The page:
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Some had wheels which flipped, but these had to be pulled or pushed. A few of the early 19th-century push toy rails were made of tinplate, like the big, durable, stylized locomotive toys in the U.S., that were painted gold and red and decorated with hearts and flowers. train model azure ml

Around 1875, technological advancements in materials and manufacturing allowed tin to be stamped, cut, wrapped, and lithographed faster than ever before.
Toy trains were revolutionized when Märklina German firm which specialized in doll house accessories, sought to create an equivalent toy for boys where a continuous revenue stream could be ensured by purchasing add-on accessories for decades after the initial purchase. In addition to boxed sets containing a train and monitor, Märklin offered extra track, rolling stock, and buildings offered separately, creating the predecessor to the modern model train layout featuring scenery and buildings along with an operating train.

Electric trains adopted, with the first appearing in 1897, produced by the U.S. firm Carlisle & Finch. As residential use of electricity became more common from the early 20th century, electrical trains gained popularity and as time moved on, these electric trains grew in sophistication, gaining light, the ability to change management, to emit a whistling noise, to smoke, to couple and uncouple cars as well as load and unload cargo. Toy trains from the first half of the 20th century were frequently made of lithographed tin; later trains were often made mainly of plastic.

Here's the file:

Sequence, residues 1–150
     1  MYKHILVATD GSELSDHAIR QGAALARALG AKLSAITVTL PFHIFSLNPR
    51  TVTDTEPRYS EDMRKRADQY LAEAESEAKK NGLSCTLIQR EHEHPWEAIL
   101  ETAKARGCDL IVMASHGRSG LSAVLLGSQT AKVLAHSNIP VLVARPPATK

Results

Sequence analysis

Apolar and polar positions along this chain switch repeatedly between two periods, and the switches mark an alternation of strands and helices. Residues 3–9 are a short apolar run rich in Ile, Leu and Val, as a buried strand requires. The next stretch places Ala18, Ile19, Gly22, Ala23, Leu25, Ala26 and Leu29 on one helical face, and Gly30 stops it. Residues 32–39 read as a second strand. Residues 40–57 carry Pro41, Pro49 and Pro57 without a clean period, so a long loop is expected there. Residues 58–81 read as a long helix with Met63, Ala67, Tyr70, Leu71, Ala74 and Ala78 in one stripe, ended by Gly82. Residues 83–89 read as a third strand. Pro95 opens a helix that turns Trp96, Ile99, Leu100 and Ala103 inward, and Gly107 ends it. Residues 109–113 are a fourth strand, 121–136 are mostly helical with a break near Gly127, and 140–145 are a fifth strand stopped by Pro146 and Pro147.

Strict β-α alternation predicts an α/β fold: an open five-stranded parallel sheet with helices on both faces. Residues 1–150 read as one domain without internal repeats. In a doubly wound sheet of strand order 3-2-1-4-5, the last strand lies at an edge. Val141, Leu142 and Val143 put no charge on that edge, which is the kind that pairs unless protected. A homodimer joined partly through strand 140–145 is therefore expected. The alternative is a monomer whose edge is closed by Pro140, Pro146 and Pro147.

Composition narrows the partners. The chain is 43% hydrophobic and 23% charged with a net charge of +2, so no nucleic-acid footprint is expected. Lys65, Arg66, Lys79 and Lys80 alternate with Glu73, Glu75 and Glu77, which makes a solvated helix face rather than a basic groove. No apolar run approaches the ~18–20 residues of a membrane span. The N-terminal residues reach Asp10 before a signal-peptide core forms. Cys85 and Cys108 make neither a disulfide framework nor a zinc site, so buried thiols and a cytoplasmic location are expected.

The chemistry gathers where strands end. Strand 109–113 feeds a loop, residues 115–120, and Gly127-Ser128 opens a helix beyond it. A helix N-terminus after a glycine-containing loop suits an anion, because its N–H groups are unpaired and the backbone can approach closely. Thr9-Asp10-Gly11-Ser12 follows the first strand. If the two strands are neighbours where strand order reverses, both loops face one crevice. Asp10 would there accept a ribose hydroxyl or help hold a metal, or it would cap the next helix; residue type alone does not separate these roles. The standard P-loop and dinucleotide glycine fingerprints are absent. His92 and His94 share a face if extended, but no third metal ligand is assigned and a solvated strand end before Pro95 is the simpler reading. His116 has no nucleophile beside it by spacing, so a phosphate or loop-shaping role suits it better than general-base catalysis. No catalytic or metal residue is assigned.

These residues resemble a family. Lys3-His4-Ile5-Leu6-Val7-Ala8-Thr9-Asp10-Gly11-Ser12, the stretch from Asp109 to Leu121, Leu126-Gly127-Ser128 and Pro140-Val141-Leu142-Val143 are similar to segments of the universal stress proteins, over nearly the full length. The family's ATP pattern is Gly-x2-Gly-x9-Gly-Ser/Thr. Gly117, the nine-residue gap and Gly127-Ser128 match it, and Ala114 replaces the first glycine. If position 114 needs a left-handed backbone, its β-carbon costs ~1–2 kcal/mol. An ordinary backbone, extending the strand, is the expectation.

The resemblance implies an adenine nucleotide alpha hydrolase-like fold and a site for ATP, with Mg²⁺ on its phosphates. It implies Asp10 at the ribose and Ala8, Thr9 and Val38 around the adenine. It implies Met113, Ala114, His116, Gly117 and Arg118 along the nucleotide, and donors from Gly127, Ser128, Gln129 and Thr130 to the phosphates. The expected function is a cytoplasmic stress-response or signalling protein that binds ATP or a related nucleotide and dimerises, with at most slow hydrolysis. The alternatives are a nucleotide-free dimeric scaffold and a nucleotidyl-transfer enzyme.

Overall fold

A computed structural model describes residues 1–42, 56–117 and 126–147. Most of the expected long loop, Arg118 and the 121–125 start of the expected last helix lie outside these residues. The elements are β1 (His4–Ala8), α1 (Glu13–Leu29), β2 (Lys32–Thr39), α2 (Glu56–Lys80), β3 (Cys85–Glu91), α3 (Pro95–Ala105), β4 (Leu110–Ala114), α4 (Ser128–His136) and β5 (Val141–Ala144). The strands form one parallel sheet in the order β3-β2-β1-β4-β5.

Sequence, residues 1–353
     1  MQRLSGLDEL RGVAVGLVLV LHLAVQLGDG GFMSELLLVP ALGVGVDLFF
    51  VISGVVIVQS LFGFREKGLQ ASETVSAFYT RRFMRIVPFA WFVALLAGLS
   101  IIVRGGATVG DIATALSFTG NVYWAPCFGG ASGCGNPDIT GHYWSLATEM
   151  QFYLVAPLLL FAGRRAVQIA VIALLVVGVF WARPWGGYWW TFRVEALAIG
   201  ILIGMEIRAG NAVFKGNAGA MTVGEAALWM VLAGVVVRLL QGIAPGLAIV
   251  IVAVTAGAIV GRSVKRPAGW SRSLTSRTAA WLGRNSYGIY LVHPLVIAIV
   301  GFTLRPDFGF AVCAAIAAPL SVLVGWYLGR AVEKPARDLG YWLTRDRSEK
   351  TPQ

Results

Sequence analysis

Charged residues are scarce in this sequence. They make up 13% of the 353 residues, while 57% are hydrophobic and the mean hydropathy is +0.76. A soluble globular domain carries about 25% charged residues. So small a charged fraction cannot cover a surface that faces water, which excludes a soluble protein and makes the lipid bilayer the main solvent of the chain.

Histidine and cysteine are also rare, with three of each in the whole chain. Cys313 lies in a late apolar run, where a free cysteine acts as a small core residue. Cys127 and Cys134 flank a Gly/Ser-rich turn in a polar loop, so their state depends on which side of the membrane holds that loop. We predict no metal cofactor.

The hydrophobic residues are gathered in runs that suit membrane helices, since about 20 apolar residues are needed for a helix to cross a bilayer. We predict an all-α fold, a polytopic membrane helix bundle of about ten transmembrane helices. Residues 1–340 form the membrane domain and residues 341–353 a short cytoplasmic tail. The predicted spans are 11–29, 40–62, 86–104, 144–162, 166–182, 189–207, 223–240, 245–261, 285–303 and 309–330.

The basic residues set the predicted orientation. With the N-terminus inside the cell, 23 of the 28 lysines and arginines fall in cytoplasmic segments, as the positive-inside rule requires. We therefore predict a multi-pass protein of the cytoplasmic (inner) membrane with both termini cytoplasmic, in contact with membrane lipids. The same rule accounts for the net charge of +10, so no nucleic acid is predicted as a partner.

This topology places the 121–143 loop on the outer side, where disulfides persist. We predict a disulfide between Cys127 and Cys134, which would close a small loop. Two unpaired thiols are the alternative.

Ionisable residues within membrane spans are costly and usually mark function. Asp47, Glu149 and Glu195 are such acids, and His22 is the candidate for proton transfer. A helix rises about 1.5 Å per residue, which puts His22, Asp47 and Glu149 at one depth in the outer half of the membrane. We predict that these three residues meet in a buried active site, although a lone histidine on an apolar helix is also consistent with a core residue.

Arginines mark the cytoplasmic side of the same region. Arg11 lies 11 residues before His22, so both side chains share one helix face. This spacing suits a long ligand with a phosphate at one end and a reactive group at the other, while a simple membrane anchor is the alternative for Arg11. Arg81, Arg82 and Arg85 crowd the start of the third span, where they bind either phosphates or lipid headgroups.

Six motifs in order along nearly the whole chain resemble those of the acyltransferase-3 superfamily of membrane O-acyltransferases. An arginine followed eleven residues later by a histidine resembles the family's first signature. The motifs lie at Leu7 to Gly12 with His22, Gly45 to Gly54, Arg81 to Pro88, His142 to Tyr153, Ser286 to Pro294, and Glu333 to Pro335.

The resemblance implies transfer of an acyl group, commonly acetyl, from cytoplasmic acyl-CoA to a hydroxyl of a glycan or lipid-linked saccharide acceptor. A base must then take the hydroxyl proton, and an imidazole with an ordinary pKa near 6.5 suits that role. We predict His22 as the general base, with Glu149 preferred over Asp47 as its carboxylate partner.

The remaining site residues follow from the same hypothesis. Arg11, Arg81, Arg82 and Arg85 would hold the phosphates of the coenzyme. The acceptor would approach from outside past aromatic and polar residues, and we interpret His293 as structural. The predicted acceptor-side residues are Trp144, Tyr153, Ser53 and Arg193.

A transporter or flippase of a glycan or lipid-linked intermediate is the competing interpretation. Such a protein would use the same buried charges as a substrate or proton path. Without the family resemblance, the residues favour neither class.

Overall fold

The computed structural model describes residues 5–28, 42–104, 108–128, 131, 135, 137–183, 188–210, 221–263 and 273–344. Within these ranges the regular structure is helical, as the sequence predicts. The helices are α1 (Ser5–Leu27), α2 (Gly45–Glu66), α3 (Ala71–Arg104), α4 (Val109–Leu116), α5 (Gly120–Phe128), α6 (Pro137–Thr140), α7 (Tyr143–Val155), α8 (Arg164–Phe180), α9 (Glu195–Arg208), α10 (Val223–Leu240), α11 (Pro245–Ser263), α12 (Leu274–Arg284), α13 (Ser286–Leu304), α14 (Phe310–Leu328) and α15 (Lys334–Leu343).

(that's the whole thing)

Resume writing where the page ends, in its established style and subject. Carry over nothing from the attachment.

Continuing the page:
Prior to the 1950s, there was little distinction between toy trains and model railroads–model railroads were toys by definition. Pull toys and wind-up trains were marketed by kids, while electrical trains were marketed towards teenagers, particularly teenaged boys.
Consumer interest in trains as toys waned in the late 1950s, but has undergone resurgence since the late 1990s due in large part to the popularity of Thomas the Tank Engine.

Today, S gauge and O gauge railroads continue to be considered toy trains by their own adherents and are often accessorized with semi-scale model buildings by Plasticville or K-Line (who owns the rights to the Plasticville-like buildings produced by Marx in the 1950s to the 1970s). However, as a result of their high cost, one is more likely to find an HO scale or N scale train set in a toy store than a O scale set.

Many modern electric toy trains comprise sophisticated electronics that emit digitized sound effects and allow the operator to safely and easily run several remote controller trains on one loop of track. In recent years, many toy rail operators may operate a train using a TV camera in the front of the motor and hooked up to a display, such as pc monitor. This will show an image, like that of a real (smaller size) railroad.

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